Investigators from Memorial Sloan Kettering are studying how changes in the intestinal microbiota can influence outcomes for patients undergoing stem cell transplantation. Microbiota refers to the complex population of microorganisms that inhabit the external and internal surfaces of the human body.
Two recent studies revealed that changes in the balance of bacteria that make up the intestinal microbiota can affect patients receiving a transplant of stem cells from a donor, a process known as allogeneic hematopoietic stem cell transplantation (HSCT).
HSCT, a procedure used as a treatment for blood cancers such as leukemias and lymphomas, makes patients temporarily more susceptible to infections. Before patients receive the donor stem cells that will replace their cancerous blood cells, they must first be given large doses of radiation therapy and chemotherapy, which impair their ability to produce their own blood cells.
The loss of white blood cells leaves them unable to fight infections. Therefore, these patients are given preventive antibiotics during the transplantation procedure to help protect them.
Interest in microbiota and how it relates to human health has grown recently as scientists have developed techniques for identifying large numbers of microorganisms using next-generation DNA sequencing technologies, which can analyze thousands or even millions of sequences at the same time. A government-funded effort recently reported that the populations of bacteria that live in and on the human body vary markedly between healthy individuals.
Maintaining the Balance
The recent Memorial Sloan Kettering studies showed that the administration of antibiotics to patients following HSCT does prevent or treat some infections. However, it also creates an opportunity for other potentially harmful, antibiotic-resistant bacteria to become more abundant, particularly in the gastrointestinal tract.
The research sought to explain why patients undergoing HSCT often experience infections with antibiotic-resistant bacteria. These infections often originate in the gastrointestinal tract but can spread into the bloodstream, causing a potentially lethal side effect called sepsis.
One of the studies, published online in Clinical Infectious Diseases on June 20, focused on how the balance between beneficial and harmful bacteria can shift dramatically, and how this shift increases the risk of serious infection.
“When antibiotics are administered, certain ‘healthy’ species of bacteria are lost from the intestine’s microbiota,” explains Eric G. Pamer, Chief of the Infectious Diseases Service and the study’s senior author. “This can allow other, potentially harmful bacteria to expand and establish an unnatural state of dominance.”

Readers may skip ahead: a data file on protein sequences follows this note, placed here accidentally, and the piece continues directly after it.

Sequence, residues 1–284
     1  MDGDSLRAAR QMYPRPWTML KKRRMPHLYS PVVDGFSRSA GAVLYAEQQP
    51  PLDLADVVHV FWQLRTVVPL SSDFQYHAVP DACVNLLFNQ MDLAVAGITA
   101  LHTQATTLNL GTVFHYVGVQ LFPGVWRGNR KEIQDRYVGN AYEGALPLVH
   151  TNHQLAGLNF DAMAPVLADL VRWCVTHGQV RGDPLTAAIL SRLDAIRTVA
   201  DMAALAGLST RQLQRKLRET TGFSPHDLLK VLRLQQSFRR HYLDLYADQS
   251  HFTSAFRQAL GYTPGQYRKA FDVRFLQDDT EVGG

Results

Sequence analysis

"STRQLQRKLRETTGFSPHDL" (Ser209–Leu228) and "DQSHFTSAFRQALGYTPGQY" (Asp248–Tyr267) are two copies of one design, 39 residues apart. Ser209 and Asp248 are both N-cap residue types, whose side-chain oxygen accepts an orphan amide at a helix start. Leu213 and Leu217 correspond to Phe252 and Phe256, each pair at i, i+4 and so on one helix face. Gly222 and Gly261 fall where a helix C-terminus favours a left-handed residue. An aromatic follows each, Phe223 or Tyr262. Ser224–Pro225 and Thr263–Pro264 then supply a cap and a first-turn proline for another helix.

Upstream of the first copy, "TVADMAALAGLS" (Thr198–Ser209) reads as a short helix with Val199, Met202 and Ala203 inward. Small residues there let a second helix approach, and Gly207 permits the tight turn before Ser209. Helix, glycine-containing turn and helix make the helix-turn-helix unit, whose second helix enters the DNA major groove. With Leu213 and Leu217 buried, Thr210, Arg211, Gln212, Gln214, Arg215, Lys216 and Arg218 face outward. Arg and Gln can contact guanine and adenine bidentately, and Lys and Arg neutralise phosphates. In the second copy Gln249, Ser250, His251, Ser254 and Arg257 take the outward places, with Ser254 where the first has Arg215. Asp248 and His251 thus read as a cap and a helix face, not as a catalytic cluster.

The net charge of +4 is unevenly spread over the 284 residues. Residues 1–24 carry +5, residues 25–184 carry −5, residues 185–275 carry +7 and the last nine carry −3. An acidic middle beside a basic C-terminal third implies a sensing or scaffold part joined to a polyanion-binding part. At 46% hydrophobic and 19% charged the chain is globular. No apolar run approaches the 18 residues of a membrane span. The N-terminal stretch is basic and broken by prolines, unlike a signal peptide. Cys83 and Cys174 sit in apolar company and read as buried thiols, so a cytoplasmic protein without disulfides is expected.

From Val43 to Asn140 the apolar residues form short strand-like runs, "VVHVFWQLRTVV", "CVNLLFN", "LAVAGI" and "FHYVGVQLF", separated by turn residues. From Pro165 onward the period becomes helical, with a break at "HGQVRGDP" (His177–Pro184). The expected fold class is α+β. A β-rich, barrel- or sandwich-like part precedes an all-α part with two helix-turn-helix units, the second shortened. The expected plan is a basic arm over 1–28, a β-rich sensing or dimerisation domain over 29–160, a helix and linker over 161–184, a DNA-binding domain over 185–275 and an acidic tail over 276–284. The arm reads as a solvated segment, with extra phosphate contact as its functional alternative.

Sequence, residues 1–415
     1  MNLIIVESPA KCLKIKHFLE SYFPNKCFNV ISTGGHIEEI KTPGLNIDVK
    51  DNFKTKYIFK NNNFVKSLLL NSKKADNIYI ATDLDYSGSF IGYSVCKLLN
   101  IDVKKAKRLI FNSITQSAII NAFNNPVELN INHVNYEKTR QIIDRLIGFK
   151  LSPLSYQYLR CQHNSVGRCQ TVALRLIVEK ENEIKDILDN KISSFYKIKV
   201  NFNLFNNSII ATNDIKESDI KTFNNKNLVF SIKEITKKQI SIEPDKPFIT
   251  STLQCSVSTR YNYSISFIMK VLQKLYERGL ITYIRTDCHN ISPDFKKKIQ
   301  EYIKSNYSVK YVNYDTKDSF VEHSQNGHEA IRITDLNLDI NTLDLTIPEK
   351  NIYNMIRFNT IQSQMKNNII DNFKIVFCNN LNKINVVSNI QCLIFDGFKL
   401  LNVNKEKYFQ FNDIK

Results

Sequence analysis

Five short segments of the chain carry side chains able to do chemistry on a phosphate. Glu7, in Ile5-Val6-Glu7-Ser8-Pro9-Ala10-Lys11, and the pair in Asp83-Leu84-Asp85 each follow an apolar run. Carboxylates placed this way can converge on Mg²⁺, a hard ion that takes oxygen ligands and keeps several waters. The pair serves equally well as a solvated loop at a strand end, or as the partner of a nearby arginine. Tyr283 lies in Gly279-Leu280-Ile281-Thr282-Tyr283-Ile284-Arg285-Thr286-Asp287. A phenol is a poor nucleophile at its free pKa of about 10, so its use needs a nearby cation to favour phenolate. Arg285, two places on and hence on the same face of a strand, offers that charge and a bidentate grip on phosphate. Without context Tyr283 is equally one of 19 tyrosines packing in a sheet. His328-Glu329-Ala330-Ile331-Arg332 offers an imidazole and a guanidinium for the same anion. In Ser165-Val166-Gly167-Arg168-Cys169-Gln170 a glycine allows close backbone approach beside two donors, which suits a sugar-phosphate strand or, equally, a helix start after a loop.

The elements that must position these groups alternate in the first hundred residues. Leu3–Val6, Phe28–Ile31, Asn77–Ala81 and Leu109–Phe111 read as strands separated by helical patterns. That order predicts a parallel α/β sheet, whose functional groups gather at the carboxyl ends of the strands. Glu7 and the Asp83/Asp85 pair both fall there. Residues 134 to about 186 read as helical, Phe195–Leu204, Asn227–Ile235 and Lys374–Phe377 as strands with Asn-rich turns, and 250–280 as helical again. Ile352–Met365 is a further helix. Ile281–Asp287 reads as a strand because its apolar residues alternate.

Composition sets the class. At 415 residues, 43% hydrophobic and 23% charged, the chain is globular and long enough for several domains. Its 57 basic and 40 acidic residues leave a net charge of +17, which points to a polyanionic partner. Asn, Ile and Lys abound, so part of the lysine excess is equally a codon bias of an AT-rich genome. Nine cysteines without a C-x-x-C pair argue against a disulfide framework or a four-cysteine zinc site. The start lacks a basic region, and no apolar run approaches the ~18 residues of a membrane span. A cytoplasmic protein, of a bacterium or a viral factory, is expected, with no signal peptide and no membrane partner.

The investigators, including first author Ying Taur of the Infectious Diseases Service and computational biologist Joao Xavier, characterized the intestinal microbiota from 94 patients undergoing HSCT at Memorial Sloan Kettering. They started gathering data before treatment and collected it until 35 days after the transplants.
They then used advanced gene sequencing and computational biology techniques to analyze hundreds of thousands of DNA sequences from the patients’ bacteria, with the goal of determining which species of bacteria were most prevalent and establishing correlations between the composition of the microbiota and the development of sepsis.
The researchers found that the diversity of bacteria can drop substantially, leading the intestine to be dominated by certain harmful species and increasing the likelihood that patients experience bloodstream infections.
Preventing Side Effects
Another recent study from the same team, published this spring in the Journal of Experimental Medicine, looked at how the change in bacterial balance contributes to graft-versus-host disease (GVHD), a serious complication of HSCT in which the donor’s immune cells attack the patient’s organs. The study’s first author was Robert R. Jenq of the Bone Marrow Transplant Service.
“Transplant physicians have always known that GVHD is affected by the balance of the microbiota in the gut,” says Marcel R. M. van den Brink, head of the Division of Hematologic Oncology, who was senior author of the publication. “A major message of this research is that we need to look more closely at our use of antibiotics and our patients’ diets, because they can all change the risk of GVHD in HSCT patients.”
The investigators also believe that these studies will open the door to new research on how eating certain foods or dietary supplements – such as probiotics found in yogurt – may help maintain strong populations of beneficial bacteria and thus improve outcomes for patients. Importantly, the two Memorial Sloan Kettering studies illustrate how multidisciplinary collaboration between clinicians and scientists can enable the field of human microbiota science to find its application in patient treatment.
“Our main goal is to reduce GVHD and sepsis,” Dr. van den Brink concludes. “But we hope we may also be able to speed the healing of the gut after HSCT and reduce the gastrointestinal side effects of this treatment for patients.”
Research published in Clinical Infectious Diseases was supported by the National Institutes of Health under award numbers AI095398-01, DP2OD008440, and AI42135. Research published in the Journal of Experimental Medicine was supported by the National Cancer Institute of the National Institutes of Health under award numbers CA023766 and CA107096, and by NIH grants HL069929, AI080455, AI042135, AI039031, AI34495, and HL56067. Both studies were also funded by Memorial Sloan Kettering’s Lucille Castori Center for Microbes, Inflammation, and Cancer and the Tow Foundation.